In the Old Testament of the bible in the Song of songs, chapter 2, verse 12 it says; ‘The flowers appear on the Earth; the time of the singing of birds is come, and the voice of the turtle is heard in our land’. Except that now the voice of the Turtle is not heard in our land, at least, not very often; I am not talking about a green sea turtle of course (though you can’t hear his voice either) but the Turtle Dove, Streptopelia turtur.
A symbol of love, friendship, loyalty, devotion and with a song that is (was) simply the sound of summer in England, this is a lovely bird that has contributed much to human culture and is an important part of its ecosystem. These migratory birds travel up from Africa to arrive in England around the first week of May, they build flimsy nests that resemble a mere clutch of straws and upon these platforms they often have two broods, raised on the adults crop milk. These small members of the pigeon family are fairly similar to the very much more common Collared Dove in shape, structure and how they fly – even their breeding display flight is almost the same. Yet in plumage they are strikingly different from any other British pigeon; a delicate blue-grey covers their head, back and a few other patches, black and white ragged lines form a badge on their necks, a light flush of musty rose is washed over their breast, their tales are long and distinctive with a white band along the outer edge and a center of charcoal-black. Their defining feature however is their wings; with primaries black and blue, and scapulars scale-like with black centers edged in bright bronze, you might think that it is this similarity to a turtle shell pattern which gives them their name – not so.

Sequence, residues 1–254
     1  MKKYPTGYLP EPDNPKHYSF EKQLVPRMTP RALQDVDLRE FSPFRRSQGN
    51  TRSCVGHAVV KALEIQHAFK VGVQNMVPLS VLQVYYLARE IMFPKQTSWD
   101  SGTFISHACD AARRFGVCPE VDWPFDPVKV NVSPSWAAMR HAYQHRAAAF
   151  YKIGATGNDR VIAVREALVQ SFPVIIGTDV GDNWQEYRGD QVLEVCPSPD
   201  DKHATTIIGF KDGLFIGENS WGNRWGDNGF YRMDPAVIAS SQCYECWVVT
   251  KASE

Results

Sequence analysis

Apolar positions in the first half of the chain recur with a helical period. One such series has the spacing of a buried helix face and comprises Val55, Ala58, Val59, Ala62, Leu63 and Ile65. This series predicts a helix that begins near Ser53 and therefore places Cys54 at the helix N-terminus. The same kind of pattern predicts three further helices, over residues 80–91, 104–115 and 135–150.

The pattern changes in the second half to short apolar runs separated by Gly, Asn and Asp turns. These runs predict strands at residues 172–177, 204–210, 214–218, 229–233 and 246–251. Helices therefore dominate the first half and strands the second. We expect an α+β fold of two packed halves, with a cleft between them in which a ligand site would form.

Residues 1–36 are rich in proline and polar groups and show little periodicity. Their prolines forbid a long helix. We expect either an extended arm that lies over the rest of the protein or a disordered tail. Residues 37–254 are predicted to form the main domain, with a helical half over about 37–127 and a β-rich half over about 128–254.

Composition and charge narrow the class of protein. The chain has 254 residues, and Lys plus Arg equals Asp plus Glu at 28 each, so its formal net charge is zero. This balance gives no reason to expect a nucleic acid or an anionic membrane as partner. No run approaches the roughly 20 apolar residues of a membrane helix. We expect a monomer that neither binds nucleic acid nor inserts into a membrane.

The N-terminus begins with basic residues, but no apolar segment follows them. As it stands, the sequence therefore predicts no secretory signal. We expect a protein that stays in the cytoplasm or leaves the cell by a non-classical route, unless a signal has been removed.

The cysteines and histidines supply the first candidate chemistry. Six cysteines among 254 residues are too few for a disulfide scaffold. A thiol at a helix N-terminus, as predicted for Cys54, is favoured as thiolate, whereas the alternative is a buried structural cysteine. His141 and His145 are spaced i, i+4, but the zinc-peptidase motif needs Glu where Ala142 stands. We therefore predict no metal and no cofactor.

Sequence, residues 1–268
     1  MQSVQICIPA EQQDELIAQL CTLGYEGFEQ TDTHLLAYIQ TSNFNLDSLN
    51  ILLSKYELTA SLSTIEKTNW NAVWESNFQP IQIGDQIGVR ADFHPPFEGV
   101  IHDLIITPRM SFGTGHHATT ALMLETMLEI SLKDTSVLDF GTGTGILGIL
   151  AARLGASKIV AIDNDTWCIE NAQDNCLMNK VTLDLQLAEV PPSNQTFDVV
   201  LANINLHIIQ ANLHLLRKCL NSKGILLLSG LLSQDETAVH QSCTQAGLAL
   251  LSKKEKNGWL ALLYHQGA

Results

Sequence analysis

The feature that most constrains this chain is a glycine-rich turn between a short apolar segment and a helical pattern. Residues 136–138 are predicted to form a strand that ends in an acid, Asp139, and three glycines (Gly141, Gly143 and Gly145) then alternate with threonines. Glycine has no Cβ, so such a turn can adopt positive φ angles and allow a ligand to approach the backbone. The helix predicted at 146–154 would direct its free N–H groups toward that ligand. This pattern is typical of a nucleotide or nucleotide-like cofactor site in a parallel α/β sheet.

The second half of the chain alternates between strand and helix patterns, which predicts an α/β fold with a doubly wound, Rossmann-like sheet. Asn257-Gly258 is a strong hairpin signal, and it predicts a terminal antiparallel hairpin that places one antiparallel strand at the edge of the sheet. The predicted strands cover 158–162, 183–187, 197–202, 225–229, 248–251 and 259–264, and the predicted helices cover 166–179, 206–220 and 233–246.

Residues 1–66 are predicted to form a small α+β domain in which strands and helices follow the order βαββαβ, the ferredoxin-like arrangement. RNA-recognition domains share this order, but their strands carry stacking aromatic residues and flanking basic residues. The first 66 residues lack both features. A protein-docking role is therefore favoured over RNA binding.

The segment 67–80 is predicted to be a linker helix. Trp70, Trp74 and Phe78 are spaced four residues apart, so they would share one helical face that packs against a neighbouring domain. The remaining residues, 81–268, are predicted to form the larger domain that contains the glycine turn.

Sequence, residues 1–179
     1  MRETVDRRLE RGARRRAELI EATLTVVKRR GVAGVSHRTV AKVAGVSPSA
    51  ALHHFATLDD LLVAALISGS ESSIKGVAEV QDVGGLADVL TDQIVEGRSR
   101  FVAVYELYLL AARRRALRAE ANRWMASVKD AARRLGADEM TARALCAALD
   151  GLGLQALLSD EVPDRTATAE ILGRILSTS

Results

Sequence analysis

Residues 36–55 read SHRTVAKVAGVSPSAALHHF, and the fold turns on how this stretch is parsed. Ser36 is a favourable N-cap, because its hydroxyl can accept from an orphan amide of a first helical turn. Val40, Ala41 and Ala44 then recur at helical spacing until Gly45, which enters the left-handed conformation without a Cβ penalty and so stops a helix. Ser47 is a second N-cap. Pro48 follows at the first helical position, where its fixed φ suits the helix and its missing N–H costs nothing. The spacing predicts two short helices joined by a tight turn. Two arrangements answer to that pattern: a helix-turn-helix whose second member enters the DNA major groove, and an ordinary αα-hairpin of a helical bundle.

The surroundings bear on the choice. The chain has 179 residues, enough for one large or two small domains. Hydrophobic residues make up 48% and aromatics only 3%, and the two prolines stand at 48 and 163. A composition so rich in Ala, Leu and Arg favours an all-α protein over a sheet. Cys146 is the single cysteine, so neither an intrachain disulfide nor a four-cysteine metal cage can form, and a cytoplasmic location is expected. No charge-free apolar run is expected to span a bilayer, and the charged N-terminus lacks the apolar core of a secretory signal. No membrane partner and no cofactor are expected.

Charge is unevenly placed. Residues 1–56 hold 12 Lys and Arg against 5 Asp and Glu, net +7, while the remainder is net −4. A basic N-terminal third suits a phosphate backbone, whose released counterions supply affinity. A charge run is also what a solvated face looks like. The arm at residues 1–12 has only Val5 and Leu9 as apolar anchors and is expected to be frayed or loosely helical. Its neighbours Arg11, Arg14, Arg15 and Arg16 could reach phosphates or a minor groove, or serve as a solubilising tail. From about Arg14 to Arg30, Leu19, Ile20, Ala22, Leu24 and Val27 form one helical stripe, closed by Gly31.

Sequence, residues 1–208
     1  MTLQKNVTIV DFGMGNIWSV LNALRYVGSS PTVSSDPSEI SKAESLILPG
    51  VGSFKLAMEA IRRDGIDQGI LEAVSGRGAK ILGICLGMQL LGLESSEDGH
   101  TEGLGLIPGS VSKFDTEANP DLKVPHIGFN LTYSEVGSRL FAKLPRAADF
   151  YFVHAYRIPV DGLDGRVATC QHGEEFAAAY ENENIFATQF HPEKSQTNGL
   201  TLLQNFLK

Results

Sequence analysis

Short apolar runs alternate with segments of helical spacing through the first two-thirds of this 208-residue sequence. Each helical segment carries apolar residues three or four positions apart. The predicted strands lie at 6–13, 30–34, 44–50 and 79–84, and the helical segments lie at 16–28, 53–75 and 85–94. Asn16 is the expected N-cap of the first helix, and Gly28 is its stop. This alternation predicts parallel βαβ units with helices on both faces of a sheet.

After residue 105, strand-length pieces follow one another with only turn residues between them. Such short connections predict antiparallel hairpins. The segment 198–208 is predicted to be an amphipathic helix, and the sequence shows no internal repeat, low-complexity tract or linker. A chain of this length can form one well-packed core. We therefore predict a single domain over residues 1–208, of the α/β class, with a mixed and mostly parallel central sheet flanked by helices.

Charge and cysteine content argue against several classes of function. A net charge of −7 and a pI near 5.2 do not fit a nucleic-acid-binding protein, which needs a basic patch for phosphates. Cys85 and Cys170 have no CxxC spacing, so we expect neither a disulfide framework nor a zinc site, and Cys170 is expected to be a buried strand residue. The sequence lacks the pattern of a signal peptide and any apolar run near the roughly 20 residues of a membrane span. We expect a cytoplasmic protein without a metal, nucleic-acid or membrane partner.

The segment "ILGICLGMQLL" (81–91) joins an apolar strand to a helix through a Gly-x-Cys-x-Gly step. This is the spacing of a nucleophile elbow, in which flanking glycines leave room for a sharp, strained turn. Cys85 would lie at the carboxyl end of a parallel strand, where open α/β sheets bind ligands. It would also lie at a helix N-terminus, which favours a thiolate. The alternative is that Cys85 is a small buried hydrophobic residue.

It is the voice of this dove which has made it famous, that and its perceived faithfulness to a partner, it is quite evocative of warm windless days in high summer, accompanied by the Cuckoo and the twitter of swallows overhead. The sound is not dissimilar to bubbles being released under water or a phone ringing under a pillow; though many describe it as like a purring cat or write it down as ‘turrr – turrrr’ – which is how it gained its Latin name.
But it seems that this wonderful bird is going the way of the Passenger Pigeon, having drastically declined since the end of the second world war; there is now only one dove for every twenty we had in 1970; consequently it is on the RSPB red list and research is being carried out to try and save it. The reasons for its fall in numbers are likely to be multifaceted and I doubt there is one single problem behind it; current knowledge suspects that the intensification of our farmland has reduced the availability of food (the plants Fumitory and chicory), that droughts in Africa have reduced survival in winter – and most tangible is the mass shooting of the birds on Mediterranean islands such as Malta or Cyprus (over 4 million are reputed to be shot each year).
This is already a rare bird; any sighting (or hearing) is special to the observer as it could well be your last, I have seen this dainty dove on the Greek isle of Lesvos, sitting on a telegraph wire in shimmering heat and purring away to itself – I would love to see the same in my own country. It would be tragic and damning on ourselves if we lost this bird, even worse if we lost it without even trying to save it or noticing its absence. Reporting sightings, joining or donating to the RSPB or your local wildlife trust and promoting awareness of the Turtle Doves plight are all things we can do to make a difference.